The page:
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The Square Tube Balustrade System


Maximum Centres

1200mm

Stainless Steel Post Finishes

Satin or Mirror

Stainless Steel Material Grades

GRADE 304 (Internal use) GRADE 316 (External use)

Glass Options

Clear, Frosted or Tinted

Tube Diatmeters

40mm x 40mm

Base Plates Available

100mm diameter, 110mm cover

Standard Height

1100mm (to top of rail) 1100mm (to top of post without top rail)

Compatible Fixings

Wood, Metal, Brick & Concrete

Post & Glass Measurements

MADE TO MEASURE (prices vary)

Post Construction

Welded base plate, glass clamps & tube support to top.

Glass Thickness

10mm Toughened, 12mm Toughened, 11.5mm Laminated

Post Construction (with NO TOP RAIL)

Welded base plate, cover, glas clamps and end cap for top of posts


1200mm

The maximum height for the Square balustrade is 1100mm, from the floor to the top of the handrail. A typical glass insert will have an 80mm gap from the floor to the glass panel. It will also have an 80mm gap from the top of the glass panel to the bottom of the handrail. 1100mm

We suggest measuring from the centre one post to the centre of the other. Then deduct 90mm to allow for the width of two halves of post tubing and the glass clamps. e.g. 1100mm - 90mm = width of glass panel required

glass is made up of an EVA interlayer sandwiched between two sheet of Toughened safety glass. If broken Toughened


STOCK/SYSTEM POSTS The Tube Support (saddle) will already be attached to your posts unless you have ordered Adjustable Tube Rests, which will be supplied separately. Put cover onto post and slip onto baseplate. Remove screws from glass clamps to reveal the two halves Fix one half to post with M8 screw sockets using your 6mm Allen key Repeat this process with your other posts Leave the other halves to one side till the glass has been inserted


Once you have positioned your post and inserted your fixings, tighten them hand tight. Now check your post for plumb and level. Hold the spirit level where the glass would run as well as at the front and back of the posts. Adjust the leveling screws accordingly till the post is level. Once done please repeat this with all other posts.


Using the drill and tapping kit purchased remove the rail and dot punch the marked holes, drill all the marked holes on the top rail, then tap using the kit provided. Whilst carrying out this process periodically apply the 3-in1 Oil to cool the drill and tap.


When you reach a corner or an end where an elbow or three way corner is used, you will need to cut the top rail level with the end of the elbow with a tube cutter, or similar.

Repeat this process for the entirety of the top rail.

Now would be an ideal time to glue the end cap to your top rail. It will need at least 30 minutes to cure. Remember to apply the glue to the inside of the tube and not on the end cap. Secure with masking tape so that you can ensure it is positioned correctly.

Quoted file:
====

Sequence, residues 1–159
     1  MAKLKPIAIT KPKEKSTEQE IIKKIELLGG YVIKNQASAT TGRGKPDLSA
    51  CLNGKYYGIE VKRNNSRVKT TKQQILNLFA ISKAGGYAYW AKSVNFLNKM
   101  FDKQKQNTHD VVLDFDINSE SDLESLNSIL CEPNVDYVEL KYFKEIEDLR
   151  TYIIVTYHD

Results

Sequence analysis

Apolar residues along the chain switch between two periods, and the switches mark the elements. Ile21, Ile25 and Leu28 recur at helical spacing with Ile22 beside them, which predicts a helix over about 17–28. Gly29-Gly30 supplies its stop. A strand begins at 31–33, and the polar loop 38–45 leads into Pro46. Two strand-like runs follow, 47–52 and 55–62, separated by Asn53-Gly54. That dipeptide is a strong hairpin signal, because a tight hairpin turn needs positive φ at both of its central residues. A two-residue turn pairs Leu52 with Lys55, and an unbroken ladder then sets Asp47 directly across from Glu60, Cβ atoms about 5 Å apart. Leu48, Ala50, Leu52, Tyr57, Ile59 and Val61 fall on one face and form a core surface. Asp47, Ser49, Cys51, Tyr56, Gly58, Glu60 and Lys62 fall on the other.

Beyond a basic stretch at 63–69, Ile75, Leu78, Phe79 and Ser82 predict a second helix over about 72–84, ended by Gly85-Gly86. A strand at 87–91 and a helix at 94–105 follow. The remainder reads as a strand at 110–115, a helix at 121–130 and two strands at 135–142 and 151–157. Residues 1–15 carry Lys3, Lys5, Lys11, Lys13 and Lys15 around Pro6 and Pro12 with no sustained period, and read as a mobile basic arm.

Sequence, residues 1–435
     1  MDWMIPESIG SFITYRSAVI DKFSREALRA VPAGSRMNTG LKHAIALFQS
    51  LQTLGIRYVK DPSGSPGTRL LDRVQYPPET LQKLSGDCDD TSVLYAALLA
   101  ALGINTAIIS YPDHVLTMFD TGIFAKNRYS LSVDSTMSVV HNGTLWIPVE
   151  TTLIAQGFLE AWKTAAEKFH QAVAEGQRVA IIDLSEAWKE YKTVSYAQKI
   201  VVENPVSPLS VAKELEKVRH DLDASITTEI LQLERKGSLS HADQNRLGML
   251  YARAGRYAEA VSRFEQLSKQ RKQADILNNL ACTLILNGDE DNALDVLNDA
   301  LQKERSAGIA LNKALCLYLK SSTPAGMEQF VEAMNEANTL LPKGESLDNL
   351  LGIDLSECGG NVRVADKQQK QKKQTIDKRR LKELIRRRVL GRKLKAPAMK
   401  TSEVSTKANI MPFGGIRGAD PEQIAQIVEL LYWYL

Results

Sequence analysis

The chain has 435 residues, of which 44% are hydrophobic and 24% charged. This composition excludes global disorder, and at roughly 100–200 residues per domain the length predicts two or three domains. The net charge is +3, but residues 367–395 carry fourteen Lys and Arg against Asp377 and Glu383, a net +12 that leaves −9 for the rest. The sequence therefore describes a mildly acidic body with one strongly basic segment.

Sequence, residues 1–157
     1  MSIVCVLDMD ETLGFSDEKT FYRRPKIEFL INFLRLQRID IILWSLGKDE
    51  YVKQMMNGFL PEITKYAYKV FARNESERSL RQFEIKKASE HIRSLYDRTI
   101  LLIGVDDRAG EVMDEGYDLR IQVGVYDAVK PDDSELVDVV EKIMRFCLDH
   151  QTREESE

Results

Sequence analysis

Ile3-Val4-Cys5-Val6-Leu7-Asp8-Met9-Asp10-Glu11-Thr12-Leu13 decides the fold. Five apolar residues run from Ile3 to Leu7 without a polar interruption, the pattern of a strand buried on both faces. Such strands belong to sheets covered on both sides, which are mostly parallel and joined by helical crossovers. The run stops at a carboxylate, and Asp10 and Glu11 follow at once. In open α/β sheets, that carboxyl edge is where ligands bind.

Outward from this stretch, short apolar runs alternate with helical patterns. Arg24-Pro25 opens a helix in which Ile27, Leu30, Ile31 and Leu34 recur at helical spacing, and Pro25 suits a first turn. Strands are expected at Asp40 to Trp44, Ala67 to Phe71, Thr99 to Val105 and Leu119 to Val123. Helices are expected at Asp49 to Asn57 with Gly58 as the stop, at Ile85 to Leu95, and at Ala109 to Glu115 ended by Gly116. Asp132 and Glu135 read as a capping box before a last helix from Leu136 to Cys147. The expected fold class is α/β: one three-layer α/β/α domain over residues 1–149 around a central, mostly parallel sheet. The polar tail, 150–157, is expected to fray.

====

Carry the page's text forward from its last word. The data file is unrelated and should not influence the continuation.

Product Code

H

Grade

SQC.040.16.S

40mm

1078mm

316

SQC.040.04.S

40mm

1078mm

304

H

Grade

Product Code SQM.040.16.S

40mm

1078mm

316

SQM.040.04.S

40mm

1078mm

304

H

Grade

Product Code SQE.040.16.S

40mm

1078mm

316

SQE.040.04.S

40mm

1078mm

304


Product Code

Grade

SQ.EC.XX.16.S

40mm

316

SQ.EC.XX.04.S

40mm

304

Product Code

Grade

SQ.EB9.XX.16.S

40mm

316

SQ.EB9.XX.04.S

40mm

304

Product Code

Grade

SQ.UC.001.03.16.S

40mm

316

SQ.UC.001.03.04.S

40mm

304

Product Code

Grade

SQ.40.02.16.S

40mm

316

SQ.40.02.04.S

40mm

304


Product Code

Grade

SQ.EB.XX.16.S

40mm

316

SQ.EB.XX.04.S

40mm

304

Product Code

D

H

W

GL.115.L

11.5mm

918mm

1000mm

Product Code

D

H

W

GL.010.T

10mm

918mm

1000mm

Product Code GL.102


Product Code AL7649

Product Code DRILLTAPPKIT42

Product Code CL.100


in the selection process. Particularly, what are the aesthetic requirements as compared to the structural requirements? Design life is sometimes specified but is very difficult to guarantee. i. There may also be special requirements such as non-magnetic properties to take into account. j. It must also be borne in mind that steel type alone is not the only factor in material selection. Surface finish is at least as important in many applications, particularly where there is a strong aesthetic component. See Importance of Surface Finish. k. Availability. There may be a perfectly correct technical choice of material which cannot be implemented because it is not available in the time required. l. Cost. Sometimes the correct technical option is not finally chosen on cost grounds alone. However, it is important to assess cost on the correct basis. Many stainless steel applications are shown to be advantageous on a life cycle cost basis rather than initial cost. See Life Cycle Costing. m. BUILDING REGULATIONS. If you are working to building regulations you will have to take into account that as specified in BS 63991: 1996 Loadings for Buildings - Part 1: Code of practice for dead and imposed loads the height of the balustrade should be at least 900mm for internal balustrades and 1100mm for external balustrades from when you can stand. For more information please read Part K of the Building Regulations Act 2010 ‘Protection from falling, collision and impact’ which can be found online at www.planningportal.gov.uk/uploads/br/BR_PDF_AD_K_2013.pdf n. What is the maximum width that can be applied between each post? For structural safety there are maximum centres of 1500mm on our Infinity, Wire Rope and Steel Rod systems, 1200mm on our Professional, Elegance and Square. The Key-Link railing system has a maximum width of 2440mm. The final choice will almost certainly be in the hands of a specialist but their task can be helped by gathering as much information about the above factors. Missing information is sometimes the difference between a successful and unsuccessful application. See also General principles for selection of stainless steels.

If you are unsure about any of the information provided here or have questions we might have missed please contact us on 01922 743842.

Does stainless steel corrode? Although stainless steel is much more resistant to corrosion than ordinary carbon or alloy steels, in some circumstances it can corrode. It is ‘stain-less’ not ‘stain-impossible’. In normal atmospheric or water based environments, stainless steel will not corrode as demonstrated by domestic sink units, cutlery, saucepans and work-surfaces. In more aggressive conditions, the basic types of stainless steel may corrode and a more highly alloyed stainless steel can be used. For all your questions about Stainless steel please check this link of the British Stainless Steel Association Web Site http://www.bssa.org.uk/ faq.php?id=31